Before our Government brings new rules and regulation on EV cars, it should think twice. One aspect was
on emergency and Civil Defence services (NZ Herald, July 16).
Another aspect is consumption of power from the grid. As per data available, EV cars consume on average 30KWh per 150km. As our average milage is 15,000 km a year per car, it's coming to 3000 KWh per year to power one EV.
As we all would agree there are at least two cars per household in our country.
My family was using about 6000 KWh per year, most probably on average New Zealand consumption, bearing in mind we were parents with two children.
That means two cars per family with take yearly about 6000 KWh a year from the grid, equivalent to consumption of one household. Then 100,000 cars will take as much power as approximately Hamilton and 200.000 as Wellington or Christchurch.
Plus natural increase of population, plus immigration. How is the Government planning to increase power output?
Denis Satalic, Northcross.
The article calling for New Zealand to "think
colossus" (NZ Herald, July 15) deserves attention. Its basic message is, that "universal wellbeing...will only be achieved through transformation into a highly egalitarian high income nation" because "wellbeing costs money".
In other words, wellbeing requires wealth, and to create more of that for exports and consumption means more investment in profitable productivity.
The author concludes, that there is no short cut to riches and "we must think big and plug into the world" - with no suggestions about how to do it in an egalitarian way.
Through state monopoly capitalism (i.e. socialism), or 100 per cent citizen participation in personal ownership creation under a mixed capitalist social democratic welfare economy?
Jens Meder, Pt Chevalier.
Please, please do not call the serious and life threatening psychiatric illness,
, "anorexia" (NZ Herald, July 16).
The psychiatric illness is correctly identified as "anorexia nervosa"
and finally, research has caught up with what has been suspected for a long time now. That is, this life-changing and dangerous illness has a physiological causative basis.
Anorexia simply means (temporary) loss of appetite and commonly accompanies many illnesses, including influenza, for example. It is vital that the the general public do not get confused between these two totally different diagnoses; one merely a transient symptom, the other a mental illness as outlined above.
R Althea Hill, senior mental health professional (retired).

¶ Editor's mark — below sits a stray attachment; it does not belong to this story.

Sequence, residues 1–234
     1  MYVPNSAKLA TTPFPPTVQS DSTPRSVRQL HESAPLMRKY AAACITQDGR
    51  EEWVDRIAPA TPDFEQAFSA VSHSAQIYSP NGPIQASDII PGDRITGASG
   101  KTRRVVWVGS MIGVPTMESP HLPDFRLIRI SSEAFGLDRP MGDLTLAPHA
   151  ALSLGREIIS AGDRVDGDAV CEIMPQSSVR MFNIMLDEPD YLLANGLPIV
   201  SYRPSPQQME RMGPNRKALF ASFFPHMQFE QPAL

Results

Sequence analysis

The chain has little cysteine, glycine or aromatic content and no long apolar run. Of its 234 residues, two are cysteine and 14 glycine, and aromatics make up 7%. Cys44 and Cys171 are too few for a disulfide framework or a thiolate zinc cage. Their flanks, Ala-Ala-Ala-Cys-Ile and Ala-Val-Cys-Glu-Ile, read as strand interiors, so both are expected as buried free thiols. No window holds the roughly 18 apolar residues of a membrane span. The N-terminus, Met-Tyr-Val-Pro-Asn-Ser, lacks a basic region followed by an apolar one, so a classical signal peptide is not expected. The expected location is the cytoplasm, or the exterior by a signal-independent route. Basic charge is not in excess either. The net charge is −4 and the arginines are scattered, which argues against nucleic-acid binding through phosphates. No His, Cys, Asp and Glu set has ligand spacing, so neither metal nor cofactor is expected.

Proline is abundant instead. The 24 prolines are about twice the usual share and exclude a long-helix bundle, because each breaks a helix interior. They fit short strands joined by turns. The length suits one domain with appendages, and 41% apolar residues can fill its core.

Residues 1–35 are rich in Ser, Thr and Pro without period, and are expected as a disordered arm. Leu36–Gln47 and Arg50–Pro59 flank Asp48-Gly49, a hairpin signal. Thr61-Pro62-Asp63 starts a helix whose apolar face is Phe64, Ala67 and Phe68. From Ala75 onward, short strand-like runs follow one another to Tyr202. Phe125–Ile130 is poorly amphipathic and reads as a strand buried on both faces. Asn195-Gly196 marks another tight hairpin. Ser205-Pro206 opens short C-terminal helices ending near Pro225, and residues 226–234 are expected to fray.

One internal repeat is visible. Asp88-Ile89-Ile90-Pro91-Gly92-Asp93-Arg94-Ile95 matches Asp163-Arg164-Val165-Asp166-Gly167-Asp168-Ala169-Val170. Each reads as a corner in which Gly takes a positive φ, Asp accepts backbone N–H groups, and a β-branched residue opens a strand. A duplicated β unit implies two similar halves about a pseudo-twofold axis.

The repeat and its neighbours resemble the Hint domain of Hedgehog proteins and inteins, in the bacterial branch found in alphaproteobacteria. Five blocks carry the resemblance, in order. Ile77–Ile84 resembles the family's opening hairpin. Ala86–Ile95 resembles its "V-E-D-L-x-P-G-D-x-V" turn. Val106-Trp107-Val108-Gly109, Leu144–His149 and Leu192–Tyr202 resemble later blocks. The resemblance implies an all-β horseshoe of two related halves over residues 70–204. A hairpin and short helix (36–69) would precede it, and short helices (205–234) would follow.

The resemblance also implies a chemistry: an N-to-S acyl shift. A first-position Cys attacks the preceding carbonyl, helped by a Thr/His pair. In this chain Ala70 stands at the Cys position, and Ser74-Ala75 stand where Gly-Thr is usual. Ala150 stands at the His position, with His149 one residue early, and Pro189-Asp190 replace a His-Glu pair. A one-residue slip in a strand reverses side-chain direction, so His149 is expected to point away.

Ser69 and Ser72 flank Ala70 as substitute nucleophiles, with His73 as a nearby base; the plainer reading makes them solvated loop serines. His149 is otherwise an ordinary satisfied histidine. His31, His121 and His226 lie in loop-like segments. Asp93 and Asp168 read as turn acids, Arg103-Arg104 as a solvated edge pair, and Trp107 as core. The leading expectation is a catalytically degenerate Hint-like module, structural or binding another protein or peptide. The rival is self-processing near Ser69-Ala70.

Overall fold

Thank you David Hall for your
"Climate emergency? Let's have a revolution!" (NZ Herald, July 12).
As David says we need actions to transform the way we and the rest of the world live. And like the Industrial Revolution, this will play out over quite a while, and bring it's own challenges and problems.
Our care for the world is why we want to minimise our damage to the climate. Our care for the people of our country and the world means that we need to carefully design our actions to minimise the problems, and support people hurt by the changes. But being careful does not mean delaying action: the more fossil fuels we burn, and the more methane our animals emit, the greater the problems later in the century. So we, and our councils, and Government need to start making real changes now.
Let the revolution begin - carefully!
Dick Lane, Pt Chevalier.
Short & Sweet
The super over system fell short of properly deciding a winner in the World Cup. Surely, the fair way would be to have super overs until a result is reached?
Peter Mortimer, Nelson Marina.
England, modest in victory. New Zealand, gracious in defeat. The crowd, excellent. Cricket was the winner. John Clements, Orewa.
As an Australian, I believe in fairness. The result of the World Cup Final was not fair. Should have been five runs not six off bat. The winner should score the most runs, not the most boundaries. You guys were robbed by those bloody Poms. Peter Jones, Canberra.
At the end of a match, if it is a tie, the winner is the team which has lost the fewest number of wickets. John L R Allum, Thames.
The world's straightest, steepest, street is still in Dunedin. Ross Harvey, Remuera.
Never mind Wales, we still love you Baldwin St. Philip Brannon, London, UK.
Cattle and other farm animals share the blame for creating greenhouse gases, while 7.6 billion people belch and fart their way through their daily lives trying to solve the problem. Jeremy Coleman, Hillpark.
Animals walked this planet before man, and nature is designed to absorb their emissions. Why allow ourselves to be brainwashed by, so-called, experts? Terry Leonard, Pukekohe.